Re: Aha! The three-man 767 rears its ugly head...

From: (Christopher Davis)
Organization: Electronic Frontier Foundation Tech Central
Date:         06 Jan 93 23:56:44 PST
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KS> == Karl Swartz <kls@ohare.Chicago.COM>

 ckd> The aforementioned first 767 was last seen (by me anyway :) at Boeing
 ckd> Field, looking kinda lonely (it's been sitting there a fairly long time).

 KS> I'm surprised it's been that long -- I thought it had been involved
 KS> with the AOA development fairly recently.

Well, it's been there the last few times I've been up to BFI, going back to
at least December 1990 (I remember because I was looking at it and fell on
my rear end due to an icy parking lot at the Museum of Flight :).

Of course, I just could have been there on the days it wasn't flying, but
it never seemed to have moved at all.

 ckd> N767BA, Boeing 767-200 (that's right, 00, a reserved customer code) ...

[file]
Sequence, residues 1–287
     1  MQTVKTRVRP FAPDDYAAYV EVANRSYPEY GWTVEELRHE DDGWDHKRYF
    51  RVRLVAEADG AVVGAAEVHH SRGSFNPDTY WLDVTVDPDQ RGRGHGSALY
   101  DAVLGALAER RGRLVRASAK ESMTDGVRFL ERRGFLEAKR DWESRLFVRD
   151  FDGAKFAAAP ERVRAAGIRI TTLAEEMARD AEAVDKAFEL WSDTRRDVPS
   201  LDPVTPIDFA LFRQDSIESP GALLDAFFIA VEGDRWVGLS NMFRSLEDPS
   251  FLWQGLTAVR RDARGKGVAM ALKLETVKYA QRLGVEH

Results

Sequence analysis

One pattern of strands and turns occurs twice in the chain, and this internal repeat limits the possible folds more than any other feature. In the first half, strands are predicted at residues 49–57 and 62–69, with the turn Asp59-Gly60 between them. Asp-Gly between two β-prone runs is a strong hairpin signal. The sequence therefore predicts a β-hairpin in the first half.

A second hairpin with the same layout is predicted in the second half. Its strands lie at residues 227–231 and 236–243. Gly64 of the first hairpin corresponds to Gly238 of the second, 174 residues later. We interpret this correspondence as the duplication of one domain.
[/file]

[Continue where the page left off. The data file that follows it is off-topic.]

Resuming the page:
KS> I thought that code interesting as well.  The info I have says that 20
 KS> is supposed to be the code for Boeing itself, including prototypes.

They've probably changed that since the 707 days, rightly (IMHO) deciding
that it made more sense for the prototype to be the 7x7-x00.

 ckd> Other notes on the 757/767: the 757 prototype, N757A, was sitting nearby

 KS> It's supposed to become the flying testbed for the 777's fly-by-wire,
 KS> er, fly-by-light system quite soon now.  Were there any signs of
 KS> activity?

Nothing at the time, but the fact that it was there when it hadn't been
before was a sign in and of itself.

 ckd> the AWACS version of the 767 is looking to be launched by Japan soon

 KS> I wonder if 767 #1 will be any sort of prototype for this program?

AvLeak didn't say, but it didn't sound like there were any plans to
prototype it; the first two airframes would presumably be used as
"deliverable prototypes" much as the 747-400 test planes were.  The planes
will be pretty much stock, sent to Wichita for strengthening of the rear
fuselage and other modifications, then returned to Seattle for the
electronics.  Of course, this all assumes that the procurement passes the
Japanese Diet.

(I don't remember which of the N books about Boeing I read this in, but
during testing of the 767's wing strength, they never found out how strong
it really was; at 117% (or so, don't remember the exact number) of rated
strength, the fuselage gave way.  I'll try to find where I read it.)
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